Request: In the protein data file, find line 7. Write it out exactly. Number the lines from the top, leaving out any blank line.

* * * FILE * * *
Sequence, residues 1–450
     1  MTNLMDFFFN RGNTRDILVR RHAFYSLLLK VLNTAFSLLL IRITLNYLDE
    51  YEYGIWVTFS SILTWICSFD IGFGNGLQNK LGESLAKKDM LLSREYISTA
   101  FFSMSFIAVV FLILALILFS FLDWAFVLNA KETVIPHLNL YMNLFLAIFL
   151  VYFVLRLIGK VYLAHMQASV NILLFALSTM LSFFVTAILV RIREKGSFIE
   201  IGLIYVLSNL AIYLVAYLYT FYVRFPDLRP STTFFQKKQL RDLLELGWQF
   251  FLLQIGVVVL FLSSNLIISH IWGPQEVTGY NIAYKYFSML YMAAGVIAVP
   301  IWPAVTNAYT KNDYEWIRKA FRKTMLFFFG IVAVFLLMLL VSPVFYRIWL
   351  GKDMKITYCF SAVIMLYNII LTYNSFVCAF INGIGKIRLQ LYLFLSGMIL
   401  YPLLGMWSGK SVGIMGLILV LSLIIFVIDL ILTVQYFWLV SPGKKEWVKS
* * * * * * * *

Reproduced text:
   251  FLLQIGVVVL FLSSNLIISH IWGPQEVTGY NIAYKYFSML YMAAGVIAVP